“Biodiversity loss and deforestation, scarcity of water and desertification, reduced landscape aesthetic, altered agricultural production (e.g., wine tourism), increased natural hazards, melting of snow and glaciers, coastal erosion and inundation, damage to infrastructure and the increasing incidence of vector-borne diseases will all impact tourism to varying degrees,” - The UNWTO notes.
Making these destinations less hospitable and shifting their demand to other places.  Thus, climate-induced environmental changes will have profound effects on season-dependent tourism at the destination and residence base. (i.e., sun-and-sea or winter sports holidays) could have substantial implications and an increase in competitors could therefore ail the profitability of tourism enterprises. 
Mitigating climate change
The increased rates of deforestation, conventional agriculture and burning of fossil fuels has stripped the atmosphere off oxygen and clean air and has poisoned it with all types of harmful gasses and pollutants. And because of its long lifespan in the atmosphere, CO2 is the most critical gas that needs urgent offsetting.  Naturally, we can come to conclude that trees are central part of the solution to the growing amount of CO2 emissions in our globe.
Aside from substituting to greener sources of energy, tree planting and afforestation is the next best step. Clear evidence of the role of forests in regulating global atmospheric CO2 and in the offset of the increase in anthropogenic emissions of greenhouse gases and rate of global warming. 
Trees or plants in general acquire CO2 through photosynthesis and accumulate it in their biomass, in the form of organic carbon. Growing trees between 5 to 20 years, capture the most carbon. As little as one acre of reforested land sequesters and absorbs about 300 to 2,100 kg of CO2 per year, (calculating the average age, size, growth rates and species, a tree sequesters an average of 21.77 kg of CO2 per year).  And the rate of the absorption will remain positive, as long as incremental tree growth exceeds decomposition.  Therefore, forests act as carbon sinks that give off oxygen as a by-product at a relatively low cost. Not only that, but they provide habitats for wildlife, conservation of biodiversity, watershed protection, soil erosion control, and a host of many other socio-economic benefits.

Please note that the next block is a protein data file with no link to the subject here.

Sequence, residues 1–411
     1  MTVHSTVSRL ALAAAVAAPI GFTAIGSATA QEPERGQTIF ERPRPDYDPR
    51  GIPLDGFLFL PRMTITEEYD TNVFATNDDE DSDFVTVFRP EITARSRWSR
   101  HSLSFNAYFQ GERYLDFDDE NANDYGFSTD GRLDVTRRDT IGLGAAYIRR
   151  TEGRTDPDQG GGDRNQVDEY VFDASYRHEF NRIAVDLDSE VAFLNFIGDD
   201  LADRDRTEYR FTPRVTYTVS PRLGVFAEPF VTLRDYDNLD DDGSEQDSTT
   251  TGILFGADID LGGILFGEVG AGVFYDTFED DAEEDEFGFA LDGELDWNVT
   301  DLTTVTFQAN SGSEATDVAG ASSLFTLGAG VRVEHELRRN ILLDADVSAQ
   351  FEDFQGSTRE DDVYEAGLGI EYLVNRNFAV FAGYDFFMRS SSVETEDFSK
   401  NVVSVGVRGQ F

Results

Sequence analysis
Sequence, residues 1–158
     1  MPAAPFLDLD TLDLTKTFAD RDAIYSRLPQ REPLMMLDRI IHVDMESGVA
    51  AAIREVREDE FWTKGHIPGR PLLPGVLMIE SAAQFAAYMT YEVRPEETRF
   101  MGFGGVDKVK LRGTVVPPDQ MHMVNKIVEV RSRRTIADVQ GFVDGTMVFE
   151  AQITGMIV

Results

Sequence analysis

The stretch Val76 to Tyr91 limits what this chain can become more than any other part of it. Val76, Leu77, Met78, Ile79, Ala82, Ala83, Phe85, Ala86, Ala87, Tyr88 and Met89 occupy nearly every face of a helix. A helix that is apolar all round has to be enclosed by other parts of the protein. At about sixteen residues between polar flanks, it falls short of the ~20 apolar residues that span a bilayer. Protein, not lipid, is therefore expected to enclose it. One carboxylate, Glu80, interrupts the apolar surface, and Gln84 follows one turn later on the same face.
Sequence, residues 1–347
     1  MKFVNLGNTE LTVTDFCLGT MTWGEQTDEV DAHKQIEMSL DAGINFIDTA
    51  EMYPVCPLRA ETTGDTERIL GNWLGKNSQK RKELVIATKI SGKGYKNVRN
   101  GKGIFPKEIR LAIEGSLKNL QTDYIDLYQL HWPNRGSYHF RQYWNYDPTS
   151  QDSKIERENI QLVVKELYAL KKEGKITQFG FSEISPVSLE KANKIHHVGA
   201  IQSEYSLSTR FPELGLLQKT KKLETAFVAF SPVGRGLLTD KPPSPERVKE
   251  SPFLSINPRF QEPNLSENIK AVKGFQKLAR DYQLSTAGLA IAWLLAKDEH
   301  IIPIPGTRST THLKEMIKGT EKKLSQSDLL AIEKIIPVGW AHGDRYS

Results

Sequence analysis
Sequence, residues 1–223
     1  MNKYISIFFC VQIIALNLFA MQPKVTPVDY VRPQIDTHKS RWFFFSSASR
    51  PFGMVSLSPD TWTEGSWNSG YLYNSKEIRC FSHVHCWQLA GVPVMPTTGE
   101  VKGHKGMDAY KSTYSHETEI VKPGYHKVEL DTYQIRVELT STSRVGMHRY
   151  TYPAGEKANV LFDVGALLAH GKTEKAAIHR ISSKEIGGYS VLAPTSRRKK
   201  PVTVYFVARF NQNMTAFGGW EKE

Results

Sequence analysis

If serious steps are not taken to mitigate global warming and the greenhouse gas emissions, air pollution will not be the only detrimental effect. But things like, extinction of animal and plant species, disruption of agriculture and a global economic crisis could arise. 
CO2 offsetting example: weekend trip in Barcelona
let’s go back to the earlier hypothetical 3-day holiday trip to Barcelona and put the numbers into the equation.
For a 3-day trip from London to Barcelona that generates around 149.78 kg CO2, it would take one year for around 8 trees to offset all the emissions caused by the vacation, and after that any carbon sequestered by these planted trees will only be a bonus.
Lead researcher from the University of Sydney, Professor Manfred Lenzen, recommends that vacationers take steps in mitigating or offsetting the pollution caused by their travels. “To make my own travel more sustainable – for future generations – I invest in long-run abatement options at prices that incorporate at least average abatement costs, like investing in afforestation, rather than assuming only low-hanging fruit, like residential power efficiency,” - He told The Independent.
Offset your travels' CO2 emissions
Now organizations that encourage carbon neutral living have online calculators that can calculate people’s monthly or annual carbon footprint, by analysing the impact of things like their lifestyle, diet or travel trips have on the atmosphere.
The commitment of organisations like Rosian.org to funding sustainable afforestation and reforestation projects offer a brilliant way of helping this vital environmental cause and saving the green planet.
You can help today save the planet by making small green conscious decisions concerning your travel!